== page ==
Williams has certainly gained the trust of QB Keith Price, and he should see plenty of balls thrown his way once again in 2013.
Oregon is certainly going to miss hybrid edge-rusher Dion Jordan, who was the third overall pick in this year's NFL draft. Luckily, the Ducks have another powerful pass-rushing threat, DE Taylor Hart, who should be able to step up and fill the void that Jordan leaves.
Last year, Hart actually outproduced his more heralded teammate, as he led Oregon with eight sacks and totaled 11 tackles for loss.
The strong and surprisingly quick 6'6'', 292-pound senior proved to be a natural fit on the outside after making the transition from defensive tackle.
Hart will now be the undisputed leader of a Ducks defensive line, which has the chance to be one of the best defensive fronts in the Pac-12 in 2013.
Last season, Stanford ranked first in the nation with 120 tackles for loss. While outside linebackers Trent Murphy and Chase Thomas were the ones who contributed the most to that total, DE Henry Anderson also helped out in a big way as well. He ranked fourth on the team with 13 stops behind the line of scrimmage.
The 6'6'', 282-pound Anderson overwhelmed opposing blockers with his size, strength and his tenacious playing style.
Fellow Cardinal defenders such as Ed Reynolds, Shayne Skov and Trent Murphy will be the ones who receive the majority of the preseason praise this summer. However, the strong-willed senior end will play just as important of a role in the unit's success in 2013.
Anderson has all the physical tools that NFL scouts look for in a prototypical 3-4 defensive end. He has the potential to be one of the biggest risers of the 2014 draft class.
It's hard to imagine that QB Marcus Mariota would have enjoyed the amount of success he did as a freshman in 2012 if he didn't have center Hroniss Grasu in front of him.
Grasu is the verbal leader of the Ducks offensive line, who helps keep the chaos in the trenches under control and keeps the line glued together.
The two-year starter is an intelligent, talented and experienced veteran linchpin lineman, who is the true backbone of the offense.
After developing a close bond this past season, Grasu and Mariota should work even better together in 2013.
There will be a lot of players who will have new roles in USC's new-look 3-4 defense. One of the most interesting position switches involves Dion Bailey moving from strongside linebacker to strong safety.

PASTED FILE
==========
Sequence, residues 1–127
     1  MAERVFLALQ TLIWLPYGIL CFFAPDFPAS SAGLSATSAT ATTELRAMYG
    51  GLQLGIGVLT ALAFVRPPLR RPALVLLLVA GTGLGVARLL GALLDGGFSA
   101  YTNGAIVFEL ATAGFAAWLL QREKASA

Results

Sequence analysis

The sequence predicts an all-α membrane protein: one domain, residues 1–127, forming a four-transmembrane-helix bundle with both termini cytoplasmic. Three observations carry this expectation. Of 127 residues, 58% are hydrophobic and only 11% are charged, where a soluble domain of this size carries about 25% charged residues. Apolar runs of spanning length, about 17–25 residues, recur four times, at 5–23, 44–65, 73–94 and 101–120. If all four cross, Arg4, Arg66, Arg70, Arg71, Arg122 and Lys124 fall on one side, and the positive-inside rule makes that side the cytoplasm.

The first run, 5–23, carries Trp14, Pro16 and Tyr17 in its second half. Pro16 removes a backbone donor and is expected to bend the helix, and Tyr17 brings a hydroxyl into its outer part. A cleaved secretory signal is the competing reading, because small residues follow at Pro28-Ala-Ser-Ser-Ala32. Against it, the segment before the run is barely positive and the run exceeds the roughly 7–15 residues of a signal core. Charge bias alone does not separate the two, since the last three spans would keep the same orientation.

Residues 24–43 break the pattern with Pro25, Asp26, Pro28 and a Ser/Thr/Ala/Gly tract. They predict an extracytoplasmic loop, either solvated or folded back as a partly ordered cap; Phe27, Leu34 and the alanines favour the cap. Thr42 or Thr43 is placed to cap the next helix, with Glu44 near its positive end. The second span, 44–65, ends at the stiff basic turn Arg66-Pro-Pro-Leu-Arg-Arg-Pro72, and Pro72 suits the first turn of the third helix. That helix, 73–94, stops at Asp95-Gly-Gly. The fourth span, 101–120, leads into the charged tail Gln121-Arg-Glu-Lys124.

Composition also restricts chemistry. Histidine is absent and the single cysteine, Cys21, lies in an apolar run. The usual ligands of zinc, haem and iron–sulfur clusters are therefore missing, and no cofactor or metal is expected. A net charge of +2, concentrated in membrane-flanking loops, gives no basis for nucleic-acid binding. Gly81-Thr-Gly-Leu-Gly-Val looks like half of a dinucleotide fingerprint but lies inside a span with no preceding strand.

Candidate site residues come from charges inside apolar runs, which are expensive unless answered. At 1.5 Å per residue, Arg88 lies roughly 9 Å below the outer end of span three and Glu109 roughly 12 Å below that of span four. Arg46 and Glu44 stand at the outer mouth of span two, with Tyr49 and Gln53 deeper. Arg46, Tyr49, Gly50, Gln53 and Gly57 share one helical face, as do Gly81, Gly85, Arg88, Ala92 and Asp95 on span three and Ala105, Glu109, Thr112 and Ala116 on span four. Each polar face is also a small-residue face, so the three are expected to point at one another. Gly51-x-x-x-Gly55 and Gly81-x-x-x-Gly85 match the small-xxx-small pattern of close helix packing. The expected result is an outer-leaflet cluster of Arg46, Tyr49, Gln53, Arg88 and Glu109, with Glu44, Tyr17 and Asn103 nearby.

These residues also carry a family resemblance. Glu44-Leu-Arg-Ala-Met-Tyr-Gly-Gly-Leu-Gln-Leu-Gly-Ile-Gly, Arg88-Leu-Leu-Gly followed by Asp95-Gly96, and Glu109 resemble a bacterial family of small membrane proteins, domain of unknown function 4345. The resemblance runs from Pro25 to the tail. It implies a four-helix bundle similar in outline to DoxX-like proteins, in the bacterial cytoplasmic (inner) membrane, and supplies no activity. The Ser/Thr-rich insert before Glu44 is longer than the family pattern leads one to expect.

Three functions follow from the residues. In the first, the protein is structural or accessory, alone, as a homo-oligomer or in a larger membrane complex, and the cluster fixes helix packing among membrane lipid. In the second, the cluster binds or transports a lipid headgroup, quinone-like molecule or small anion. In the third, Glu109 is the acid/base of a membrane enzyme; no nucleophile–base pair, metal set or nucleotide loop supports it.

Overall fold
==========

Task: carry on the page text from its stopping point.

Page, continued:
When Bailey originally arrived in Los Angeles, many thought the the 6'0'', 210-pound 4-star recruit from Lakewood, California was destined to play safety. But instead, he made the switch to linebacker, where he excelled, racking up 161 tackles and picking off six passes in his first two seasons.
Bailey proved that he could handle playing linebacker. But given his size and skill-set, he seems to be an even better fit in the back end of the Trojans secondary.
At this time last year, Keith Price was riding a huge wave of momentum, following his fantastic performance in the 2011 Alamo Bowl, in which he outplayed Heisman-winner Robert Griffin III and torched Baylor's defense.
Going into the 2012 season, Price was being talked about as a potential dark-horse Heisman candidate. However, it didn't take long before he quickly fell out of the race. Ultimately, after an up-and-down season, Washington finished with yet another mediocre 7-6 record.
The athletic 6'1'', 195-pound signal-caller regressed in his second season as a starter. But you can attribute at least some of his struggles to the fact that the Huskies offensive line simply stunk at pass-blocking.
If Price can get better protection in the pocket this fall, he's got the type of explosive weapons at his disposal—RB Bishop Sankey, WR Kasen Williams and TE Austin Seferian-Jenkins—to absolutely light up opposing defenses in 2013.
The back end of Arizona’s defense is filled with some outstanding players such as Jake Fischer, Marquis Flowers, Tra’Mayne Bondurant and Shaquille Richardson. However, the real standout must-watch playmaker is safety Jared Tevis.
Not only is the two-time member of the Pac-12 All-Academic team one of the smartest players in the conference, he’s also one of the league’s most instinctive defenders.
Last year, Tevis totaled 81 tackles, including 50 solo stops, broke up six throws, picked off two passes and forced three fumbles.
The 5’10’’, 197-pound junior may not be the biggest or fastest safety in college football, but few other players at the position possess his instincts and football IQ.
Last season, Utah had one of the most dominant run-stuffers in college football, DT Star Lotulelei. This season, however, the attention shifts to the other side of the ball, where the Utes will now have one of the best overall run-blockers in the nation, OT Jeremiah Poutasi, leading the offensive line.
Poutasi is coming off a tremendous freshman campaign, in which he consistently mauled smaller and weaker defensive linemen.
After starting the final 10 games of the season at right tackle in 2012, the massive 6'5'', 345-pound sophomore will now shift to the left side, where he'll have the chance to prove that he's just as good of a pass-blocker as he is a run-blocker.
The other half of Oregon's talented offensive tackle tandem is right tackle Jake Fisher.